When North Carolina cut down the nets after beating Kentucky 75-73 in the South Regional Final, head coach Roy Williams put the first net on the head of senior Charlottean Kennedy Meeks.
“His rebounds were great, his blocks were crucial and overall he had a solid game,” said Joel Berry II about Meeks’ seven-point, 17-rebound game against Kentucky.
“Of course, last year was big for us, but this is a special,” said Meeks. “For us to come together as a team and play well together and do a tremendous job of working hard in practice and simulate it in practice is all you can ask for.”
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Last year’s run to the title game is remembered for 4.7 seconds; that’s how long it took for Kris Jenkins of Villanova to sink a buzzer-beating 3-pointer to grab the 2016 national championship from the fingertips of the Tar Heels.
After the loss, Meeks sat in the entrance of the Carolina locker room, sobbing loudly – uncontrollably – with a towel draped over his head and assistant coach Sean May leaning over him.
Meeks choked out words to reporters, speaking about how hard it was to see the seniors, especially Joel (James) return home without a title. He, like the rest of the Tar Heels, felt in many ways the loss was his fault – willing to bear the weight of responsibility and the heartache of his teammates.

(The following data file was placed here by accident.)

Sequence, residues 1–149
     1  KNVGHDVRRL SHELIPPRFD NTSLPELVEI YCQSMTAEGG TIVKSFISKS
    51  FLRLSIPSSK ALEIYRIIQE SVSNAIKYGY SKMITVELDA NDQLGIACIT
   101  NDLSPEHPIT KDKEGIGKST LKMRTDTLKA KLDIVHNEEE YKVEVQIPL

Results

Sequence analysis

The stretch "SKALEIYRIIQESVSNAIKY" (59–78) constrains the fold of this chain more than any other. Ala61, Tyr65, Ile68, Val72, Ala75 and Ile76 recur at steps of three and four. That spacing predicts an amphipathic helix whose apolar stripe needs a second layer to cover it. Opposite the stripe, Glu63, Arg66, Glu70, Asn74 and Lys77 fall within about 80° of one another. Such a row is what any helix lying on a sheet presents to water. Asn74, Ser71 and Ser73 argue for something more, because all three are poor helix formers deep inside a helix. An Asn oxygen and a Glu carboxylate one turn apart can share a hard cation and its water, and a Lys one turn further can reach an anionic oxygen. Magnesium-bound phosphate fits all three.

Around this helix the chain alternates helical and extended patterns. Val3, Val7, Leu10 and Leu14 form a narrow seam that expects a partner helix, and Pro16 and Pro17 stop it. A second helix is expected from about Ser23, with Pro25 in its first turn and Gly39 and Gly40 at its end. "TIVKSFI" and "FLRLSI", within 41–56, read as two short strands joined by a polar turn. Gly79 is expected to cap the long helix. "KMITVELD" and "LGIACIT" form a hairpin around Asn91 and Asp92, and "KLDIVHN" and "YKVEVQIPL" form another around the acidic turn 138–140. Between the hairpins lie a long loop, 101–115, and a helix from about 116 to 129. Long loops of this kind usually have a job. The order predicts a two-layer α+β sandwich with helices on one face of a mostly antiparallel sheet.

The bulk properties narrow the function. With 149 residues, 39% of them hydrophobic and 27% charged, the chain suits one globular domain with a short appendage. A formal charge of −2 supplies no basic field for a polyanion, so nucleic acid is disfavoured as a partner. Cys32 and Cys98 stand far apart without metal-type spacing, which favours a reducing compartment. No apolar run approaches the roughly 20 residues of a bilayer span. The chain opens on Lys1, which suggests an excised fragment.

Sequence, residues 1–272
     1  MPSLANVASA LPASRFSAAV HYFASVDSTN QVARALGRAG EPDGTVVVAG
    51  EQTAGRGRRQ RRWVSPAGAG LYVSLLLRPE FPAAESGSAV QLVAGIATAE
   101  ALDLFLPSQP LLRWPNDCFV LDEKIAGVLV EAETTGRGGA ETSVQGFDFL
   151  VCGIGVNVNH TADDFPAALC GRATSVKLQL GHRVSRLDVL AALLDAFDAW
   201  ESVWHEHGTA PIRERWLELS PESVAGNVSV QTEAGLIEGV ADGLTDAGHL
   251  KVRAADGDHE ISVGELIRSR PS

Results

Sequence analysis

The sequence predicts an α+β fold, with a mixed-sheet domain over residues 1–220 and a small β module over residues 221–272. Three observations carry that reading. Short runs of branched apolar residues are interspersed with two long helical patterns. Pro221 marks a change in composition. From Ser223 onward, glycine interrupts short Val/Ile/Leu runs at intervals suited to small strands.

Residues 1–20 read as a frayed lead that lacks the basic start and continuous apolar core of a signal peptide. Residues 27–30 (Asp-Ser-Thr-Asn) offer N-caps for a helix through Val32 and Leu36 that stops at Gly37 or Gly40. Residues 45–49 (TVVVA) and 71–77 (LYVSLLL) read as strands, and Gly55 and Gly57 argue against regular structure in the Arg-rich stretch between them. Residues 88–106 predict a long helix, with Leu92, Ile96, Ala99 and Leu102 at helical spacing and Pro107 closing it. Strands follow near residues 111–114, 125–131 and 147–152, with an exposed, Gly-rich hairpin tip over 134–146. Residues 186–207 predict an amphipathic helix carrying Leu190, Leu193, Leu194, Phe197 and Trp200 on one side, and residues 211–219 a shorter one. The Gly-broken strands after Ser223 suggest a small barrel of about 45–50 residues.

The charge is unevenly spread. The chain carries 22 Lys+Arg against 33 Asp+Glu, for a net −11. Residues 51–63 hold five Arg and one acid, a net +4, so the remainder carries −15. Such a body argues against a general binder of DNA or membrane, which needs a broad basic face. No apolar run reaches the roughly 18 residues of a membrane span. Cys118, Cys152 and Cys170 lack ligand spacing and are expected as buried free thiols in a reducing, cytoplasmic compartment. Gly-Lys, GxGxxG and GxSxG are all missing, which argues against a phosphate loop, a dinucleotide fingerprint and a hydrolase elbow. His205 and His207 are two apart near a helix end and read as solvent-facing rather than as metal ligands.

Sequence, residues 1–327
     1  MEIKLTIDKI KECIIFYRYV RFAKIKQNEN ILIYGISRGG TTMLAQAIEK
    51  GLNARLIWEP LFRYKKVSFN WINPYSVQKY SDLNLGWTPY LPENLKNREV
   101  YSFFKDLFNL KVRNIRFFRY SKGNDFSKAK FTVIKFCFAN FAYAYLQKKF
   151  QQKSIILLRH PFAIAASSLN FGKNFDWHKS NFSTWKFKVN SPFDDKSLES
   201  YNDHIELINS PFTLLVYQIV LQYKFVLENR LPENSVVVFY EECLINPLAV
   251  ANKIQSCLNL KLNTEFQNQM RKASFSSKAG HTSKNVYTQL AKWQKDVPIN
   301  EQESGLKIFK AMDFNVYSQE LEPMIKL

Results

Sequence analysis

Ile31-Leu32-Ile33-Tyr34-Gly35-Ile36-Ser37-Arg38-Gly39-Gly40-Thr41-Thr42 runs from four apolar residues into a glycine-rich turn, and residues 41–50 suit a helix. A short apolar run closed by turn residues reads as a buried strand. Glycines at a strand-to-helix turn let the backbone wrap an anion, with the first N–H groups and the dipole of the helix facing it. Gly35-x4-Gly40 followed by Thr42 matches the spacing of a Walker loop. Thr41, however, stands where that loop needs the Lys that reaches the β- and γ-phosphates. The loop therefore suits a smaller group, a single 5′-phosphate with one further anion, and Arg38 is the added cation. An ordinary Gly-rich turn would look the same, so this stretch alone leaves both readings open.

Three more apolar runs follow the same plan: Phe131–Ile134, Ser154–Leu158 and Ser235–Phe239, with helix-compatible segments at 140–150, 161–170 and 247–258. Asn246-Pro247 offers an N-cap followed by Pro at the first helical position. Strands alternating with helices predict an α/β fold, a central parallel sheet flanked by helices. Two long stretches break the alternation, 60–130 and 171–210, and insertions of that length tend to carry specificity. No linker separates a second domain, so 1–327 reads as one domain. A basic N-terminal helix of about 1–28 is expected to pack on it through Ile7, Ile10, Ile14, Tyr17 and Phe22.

Kennedy Meeks, like the rest of the Tar Heels, felt in many ways the loss to Villanova was his fault – willing to bear the weight of responsibility and the heartache of his teammates.
UNC’s basketball dominance over the past two years seems to be the byproduct of players such as Marcus Paige, Brice Johnson, Justin Jackson and Berry. In many ways that is true. But behind those stars is Meeks, the big guy down low, who – for four years now – has been a silent force of dominance for the Heels.
Meeks’ dominance is nothing new. It’s old – in fact it’s normal. In his four years at Carolina, the Tar Heels went 24-10, 26-12, 33-7, 31-7 – with back-to-back ACC regular season championships. Meeks reached the 1,000-point club at the start of this season. Over his career he pulled down 1,000 rebounds – making him ninth all-time leading rebounder in Tar Heel history.
He’s averaged 10.3 ppg shooting 55.1 percent from the field and 7.1 rpg in just 21.1 minutes throughout his career in argyle.
That efficiency dates back to his days as a West Charlotte Lion just off of Beaties Ford Road.
“It was amazing,” said Meeks’ former high school coach Baronton Terry. “You always want a kid like him.”
West Charlotte has always been a powerhouse for Queen City basketball. The Lions have won five state championships and are known for producing some popular recruits.
When Meeks wore the garnet and gold, he led the Lions their fifth state championship in 2011. He almost led them to a another title in 2012, but the Lions fell to New Hanover of Wilmington. When he was at West Charlotte, the Lions went 23-10, 26-2, 29-6 and 25-4. He dominated every aspect of West Charlotte basketball.
“He’s an excellent teammate,” said Terry. “From the best player to the worst player he cheered them on. He would always help with younger players who came up behind him.”
I heard that I’m the most hated Carolina player of the year. But I don’t really focus on that.
It’s simple, Meeks is a winner – on and off the court. He hates losing.